Seller Financing: What Home Sellers Need To Know

Seller financing can be an attractive option for homeowners in the right situation. Seller financing can open your home to a wider pool of buyers and defer some tax obligations. By entering into seller financing, you can create passive income that may exceed the return rates of traditional investments.

A Seller Financing Primer

A simple concept. Seller financing takes place when the seller assumes the responsibility for financing the sale of her home. In essence, the seller assumes the role that a bank or mortgage lending institution would play. By assuming the risks traditionally held by a bank, the seller can make his home available to buyers that might not qualify for a standard loan. The seller-financed promissory note has all of the same features of a normal home loan, including a down payment, interest payments, a monthly payment schedule and protection of the property from default.

Investing in the future. Seller financing can be an attractive option for those who would like to create a passive income stream or who want to avoid the large tax bite of a capital gains sale. Whereas the stock market averages returns of 4% to 6%, a seller-financed loan may yield returns of 8% or more, depending on the agreement between buyer and seller.

Free and clear. In order to pursue a seller financing agreement, your home should be free of liens or mortgage obligations. You’ll need to own the home “free and clear” in order to enter into a seller financing agreement.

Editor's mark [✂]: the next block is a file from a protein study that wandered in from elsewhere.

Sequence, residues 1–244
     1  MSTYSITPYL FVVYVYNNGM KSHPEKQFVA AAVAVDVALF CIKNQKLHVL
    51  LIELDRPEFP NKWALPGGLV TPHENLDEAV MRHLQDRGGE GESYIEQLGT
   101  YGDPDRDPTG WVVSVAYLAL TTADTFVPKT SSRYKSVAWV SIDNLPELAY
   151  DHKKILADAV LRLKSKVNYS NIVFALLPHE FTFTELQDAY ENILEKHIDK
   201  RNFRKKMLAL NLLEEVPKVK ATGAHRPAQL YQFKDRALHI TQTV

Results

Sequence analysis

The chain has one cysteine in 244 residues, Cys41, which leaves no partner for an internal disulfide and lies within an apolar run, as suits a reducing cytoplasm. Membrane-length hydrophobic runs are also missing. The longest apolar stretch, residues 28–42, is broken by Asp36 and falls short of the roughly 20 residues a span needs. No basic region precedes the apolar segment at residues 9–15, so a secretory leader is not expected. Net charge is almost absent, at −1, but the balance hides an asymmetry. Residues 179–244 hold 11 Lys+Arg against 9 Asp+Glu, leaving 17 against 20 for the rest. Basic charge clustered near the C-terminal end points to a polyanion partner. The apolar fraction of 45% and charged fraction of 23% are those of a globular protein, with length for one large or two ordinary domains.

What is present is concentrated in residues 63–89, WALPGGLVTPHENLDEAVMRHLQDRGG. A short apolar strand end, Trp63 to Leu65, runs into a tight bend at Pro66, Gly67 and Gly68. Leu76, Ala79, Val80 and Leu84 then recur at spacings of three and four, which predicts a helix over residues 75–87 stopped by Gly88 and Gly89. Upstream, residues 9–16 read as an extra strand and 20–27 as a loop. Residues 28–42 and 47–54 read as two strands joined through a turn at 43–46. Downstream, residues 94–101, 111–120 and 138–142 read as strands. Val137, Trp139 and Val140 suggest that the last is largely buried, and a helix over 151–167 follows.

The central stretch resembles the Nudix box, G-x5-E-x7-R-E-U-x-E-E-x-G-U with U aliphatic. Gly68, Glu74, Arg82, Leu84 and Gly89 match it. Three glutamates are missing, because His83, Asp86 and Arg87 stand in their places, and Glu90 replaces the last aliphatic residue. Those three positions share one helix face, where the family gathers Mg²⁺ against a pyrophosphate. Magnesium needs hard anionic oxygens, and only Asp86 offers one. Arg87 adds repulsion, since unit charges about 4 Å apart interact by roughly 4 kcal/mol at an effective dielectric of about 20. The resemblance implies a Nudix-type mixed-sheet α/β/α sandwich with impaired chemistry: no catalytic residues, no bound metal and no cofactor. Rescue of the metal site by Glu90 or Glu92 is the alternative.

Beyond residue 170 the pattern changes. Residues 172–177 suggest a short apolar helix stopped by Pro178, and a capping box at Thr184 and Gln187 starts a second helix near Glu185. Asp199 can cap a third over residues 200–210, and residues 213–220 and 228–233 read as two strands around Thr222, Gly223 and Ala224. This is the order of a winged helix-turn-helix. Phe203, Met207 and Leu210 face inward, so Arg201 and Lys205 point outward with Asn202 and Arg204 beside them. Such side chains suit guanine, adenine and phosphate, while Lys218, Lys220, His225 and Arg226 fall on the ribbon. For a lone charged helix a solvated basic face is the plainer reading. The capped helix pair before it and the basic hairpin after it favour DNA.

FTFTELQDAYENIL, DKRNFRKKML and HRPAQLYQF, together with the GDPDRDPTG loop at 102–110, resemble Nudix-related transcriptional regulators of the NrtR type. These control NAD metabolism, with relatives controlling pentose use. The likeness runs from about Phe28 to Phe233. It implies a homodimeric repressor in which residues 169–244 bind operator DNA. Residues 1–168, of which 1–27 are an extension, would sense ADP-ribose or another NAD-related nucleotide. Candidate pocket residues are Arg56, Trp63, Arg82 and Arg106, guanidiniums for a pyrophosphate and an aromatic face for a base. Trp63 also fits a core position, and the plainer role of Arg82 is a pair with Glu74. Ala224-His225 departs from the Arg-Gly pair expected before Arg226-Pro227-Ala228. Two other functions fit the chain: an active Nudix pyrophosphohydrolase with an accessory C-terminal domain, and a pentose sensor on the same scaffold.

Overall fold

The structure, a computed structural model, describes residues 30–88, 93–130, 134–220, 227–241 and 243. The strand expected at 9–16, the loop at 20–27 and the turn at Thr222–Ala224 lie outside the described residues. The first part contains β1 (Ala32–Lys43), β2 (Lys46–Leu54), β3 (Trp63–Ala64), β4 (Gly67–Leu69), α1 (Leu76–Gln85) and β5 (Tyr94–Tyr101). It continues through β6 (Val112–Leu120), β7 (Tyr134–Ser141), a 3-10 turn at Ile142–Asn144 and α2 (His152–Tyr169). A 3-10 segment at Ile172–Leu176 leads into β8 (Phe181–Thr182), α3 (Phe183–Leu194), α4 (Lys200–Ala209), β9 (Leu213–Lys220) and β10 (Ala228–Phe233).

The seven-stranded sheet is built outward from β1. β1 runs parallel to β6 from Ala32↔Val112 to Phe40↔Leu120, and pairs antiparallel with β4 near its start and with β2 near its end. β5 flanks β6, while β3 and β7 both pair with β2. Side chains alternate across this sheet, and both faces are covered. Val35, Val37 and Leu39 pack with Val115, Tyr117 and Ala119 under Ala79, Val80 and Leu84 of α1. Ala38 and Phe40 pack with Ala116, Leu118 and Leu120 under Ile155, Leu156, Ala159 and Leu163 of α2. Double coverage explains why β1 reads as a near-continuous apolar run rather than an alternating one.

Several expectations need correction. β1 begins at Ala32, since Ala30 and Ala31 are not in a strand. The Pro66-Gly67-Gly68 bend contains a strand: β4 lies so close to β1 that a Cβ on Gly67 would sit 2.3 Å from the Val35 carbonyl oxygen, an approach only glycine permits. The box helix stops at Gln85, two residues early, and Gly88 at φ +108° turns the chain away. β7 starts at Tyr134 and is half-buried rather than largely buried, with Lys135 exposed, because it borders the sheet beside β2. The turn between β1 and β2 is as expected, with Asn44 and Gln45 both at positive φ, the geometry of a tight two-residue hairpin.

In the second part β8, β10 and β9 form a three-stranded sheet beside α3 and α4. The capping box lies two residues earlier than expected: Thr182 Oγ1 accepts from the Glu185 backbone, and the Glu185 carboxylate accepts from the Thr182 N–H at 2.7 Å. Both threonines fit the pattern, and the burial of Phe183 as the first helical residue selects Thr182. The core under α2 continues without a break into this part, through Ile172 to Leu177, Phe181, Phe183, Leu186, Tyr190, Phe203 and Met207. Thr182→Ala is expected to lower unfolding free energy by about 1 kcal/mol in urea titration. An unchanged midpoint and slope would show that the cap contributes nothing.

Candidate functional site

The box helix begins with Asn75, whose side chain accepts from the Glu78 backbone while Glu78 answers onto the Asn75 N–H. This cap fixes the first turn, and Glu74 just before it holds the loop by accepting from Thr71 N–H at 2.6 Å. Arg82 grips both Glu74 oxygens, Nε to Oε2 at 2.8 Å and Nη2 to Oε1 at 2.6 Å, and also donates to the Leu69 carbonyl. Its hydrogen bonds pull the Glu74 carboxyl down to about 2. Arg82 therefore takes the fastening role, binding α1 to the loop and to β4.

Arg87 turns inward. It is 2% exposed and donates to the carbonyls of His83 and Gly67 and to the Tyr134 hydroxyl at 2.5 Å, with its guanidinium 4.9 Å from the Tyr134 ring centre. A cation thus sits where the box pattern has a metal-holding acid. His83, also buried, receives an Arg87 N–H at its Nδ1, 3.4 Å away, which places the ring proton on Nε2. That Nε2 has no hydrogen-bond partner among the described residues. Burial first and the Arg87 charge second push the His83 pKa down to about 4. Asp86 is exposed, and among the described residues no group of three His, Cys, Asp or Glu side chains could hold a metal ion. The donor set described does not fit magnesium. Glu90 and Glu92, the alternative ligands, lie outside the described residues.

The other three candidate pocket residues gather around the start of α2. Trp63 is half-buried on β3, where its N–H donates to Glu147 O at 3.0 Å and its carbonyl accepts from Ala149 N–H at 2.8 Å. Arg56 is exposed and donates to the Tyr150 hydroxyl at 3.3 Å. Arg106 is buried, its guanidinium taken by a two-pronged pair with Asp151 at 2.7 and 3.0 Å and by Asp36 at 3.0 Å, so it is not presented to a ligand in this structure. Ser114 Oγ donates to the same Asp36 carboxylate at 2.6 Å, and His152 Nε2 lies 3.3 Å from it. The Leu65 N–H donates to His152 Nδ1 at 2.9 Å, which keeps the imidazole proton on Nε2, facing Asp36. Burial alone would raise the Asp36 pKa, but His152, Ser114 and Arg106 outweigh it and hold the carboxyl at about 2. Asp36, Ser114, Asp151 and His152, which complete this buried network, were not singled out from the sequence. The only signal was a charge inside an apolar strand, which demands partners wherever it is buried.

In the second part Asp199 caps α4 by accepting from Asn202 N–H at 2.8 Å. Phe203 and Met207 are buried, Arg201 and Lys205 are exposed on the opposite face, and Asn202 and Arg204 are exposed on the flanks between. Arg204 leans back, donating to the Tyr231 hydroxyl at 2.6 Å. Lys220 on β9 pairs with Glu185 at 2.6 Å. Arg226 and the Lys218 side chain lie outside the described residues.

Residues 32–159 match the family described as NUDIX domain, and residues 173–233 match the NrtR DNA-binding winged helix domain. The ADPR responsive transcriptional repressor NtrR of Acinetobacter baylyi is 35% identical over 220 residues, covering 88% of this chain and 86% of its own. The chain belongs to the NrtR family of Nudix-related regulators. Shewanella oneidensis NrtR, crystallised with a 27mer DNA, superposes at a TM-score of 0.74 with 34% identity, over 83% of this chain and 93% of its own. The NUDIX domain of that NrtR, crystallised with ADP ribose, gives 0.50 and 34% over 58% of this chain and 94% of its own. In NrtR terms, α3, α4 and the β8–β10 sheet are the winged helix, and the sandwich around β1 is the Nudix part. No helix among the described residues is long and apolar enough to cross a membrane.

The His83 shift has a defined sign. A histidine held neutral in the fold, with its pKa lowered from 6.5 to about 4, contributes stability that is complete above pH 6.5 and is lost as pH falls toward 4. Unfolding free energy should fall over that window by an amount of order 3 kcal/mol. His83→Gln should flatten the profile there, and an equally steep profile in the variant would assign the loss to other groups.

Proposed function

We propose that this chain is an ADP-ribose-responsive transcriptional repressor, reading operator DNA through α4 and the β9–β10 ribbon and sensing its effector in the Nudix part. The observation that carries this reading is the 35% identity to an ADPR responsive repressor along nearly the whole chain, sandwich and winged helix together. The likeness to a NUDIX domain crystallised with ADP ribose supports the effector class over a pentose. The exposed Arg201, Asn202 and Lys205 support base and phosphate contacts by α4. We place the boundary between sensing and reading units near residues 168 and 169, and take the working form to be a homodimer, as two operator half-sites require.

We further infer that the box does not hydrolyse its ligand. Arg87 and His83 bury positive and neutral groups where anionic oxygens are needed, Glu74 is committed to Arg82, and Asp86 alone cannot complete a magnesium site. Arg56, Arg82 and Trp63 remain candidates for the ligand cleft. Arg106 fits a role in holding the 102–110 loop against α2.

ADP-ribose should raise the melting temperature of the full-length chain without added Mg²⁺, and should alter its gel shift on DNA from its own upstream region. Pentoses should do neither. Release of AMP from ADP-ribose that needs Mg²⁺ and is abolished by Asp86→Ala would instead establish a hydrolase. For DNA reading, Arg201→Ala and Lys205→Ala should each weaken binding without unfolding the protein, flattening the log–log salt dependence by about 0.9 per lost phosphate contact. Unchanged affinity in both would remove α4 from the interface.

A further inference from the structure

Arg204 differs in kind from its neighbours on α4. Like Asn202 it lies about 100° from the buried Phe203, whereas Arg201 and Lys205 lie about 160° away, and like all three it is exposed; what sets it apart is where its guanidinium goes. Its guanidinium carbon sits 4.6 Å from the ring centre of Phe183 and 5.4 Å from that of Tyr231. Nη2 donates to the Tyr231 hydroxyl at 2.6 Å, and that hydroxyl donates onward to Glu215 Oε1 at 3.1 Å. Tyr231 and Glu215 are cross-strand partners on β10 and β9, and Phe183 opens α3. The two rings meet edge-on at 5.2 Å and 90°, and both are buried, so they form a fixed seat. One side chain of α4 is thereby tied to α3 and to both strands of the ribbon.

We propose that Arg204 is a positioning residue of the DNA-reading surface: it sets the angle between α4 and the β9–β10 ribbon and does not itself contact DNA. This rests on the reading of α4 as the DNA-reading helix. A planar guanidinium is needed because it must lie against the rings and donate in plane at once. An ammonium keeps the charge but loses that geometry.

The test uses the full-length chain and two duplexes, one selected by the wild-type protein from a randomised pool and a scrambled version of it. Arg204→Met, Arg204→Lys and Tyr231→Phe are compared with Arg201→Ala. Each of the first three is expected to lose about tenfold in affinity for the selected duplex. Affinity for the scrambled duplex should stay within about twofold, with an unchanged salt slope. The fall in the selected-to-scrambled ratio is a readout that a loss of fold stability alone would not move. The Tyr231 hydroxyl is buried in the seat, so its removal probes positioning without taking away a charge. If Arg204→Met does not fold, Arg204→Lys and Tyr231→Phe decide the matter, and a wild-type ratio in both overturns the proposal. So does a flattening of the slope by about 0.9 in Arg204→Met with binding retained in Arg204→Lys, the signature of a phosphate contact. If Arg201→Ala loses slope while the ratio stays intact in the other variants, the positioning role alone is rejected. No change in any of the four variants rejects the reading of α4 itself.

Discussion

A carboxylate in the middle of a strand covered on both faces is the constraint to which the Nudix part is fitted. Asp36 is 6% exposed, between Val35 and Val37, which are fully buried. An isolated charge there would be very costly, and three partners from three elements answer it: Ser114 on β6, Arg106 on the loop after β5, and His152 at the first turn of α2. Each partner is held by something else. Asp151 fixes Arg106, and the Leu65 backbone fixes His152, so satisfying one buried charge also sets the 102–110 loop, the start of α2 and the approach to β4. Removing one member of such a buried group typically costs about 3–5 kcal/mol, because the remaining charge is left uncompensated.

Seller Financing Basics

Paperwork. Just like a traditional loan, you’ll want the buyer to be able to provide a credit report, verify employment and provide tax reporting information going back several years. Don’t be afraid to request these documents—your property will be on the line and you’ll want to make sure a potential buyer will be able to keep up his end of the bargain.

A partial deal. You may also consider seller financing to help a buyer acquire a traditional mortgage in cases where the buyer may not be able to raise the capital required for a down payment. You should realize, however, that in this type of situation, the loan between you and the buyer would take second priority to the primary mortgage. Should a default occur, you’d have to wait in line behind the bank to recover your money.

Homework and contingency plans. Before entering into a seller financing agreement, you need to understand the implications of the obligation and what options you have should the deal go south. Consultation with a lawyer familiar with home financing is the best way to understand this complicated arrangement. At the very least, you should have specific language in the agreement that allows you to drop the deal should the buyer fail to provide sufficient documentation. The agreement should also cover your rights to reclaim the property in the event of a default.

The title company. Once you have an agreement in place, you’ll need to engage the services of a title company to handle recording the agreement. The title company can also provide you with information regarding any fees associated with recording the agreement in the state and local public record.

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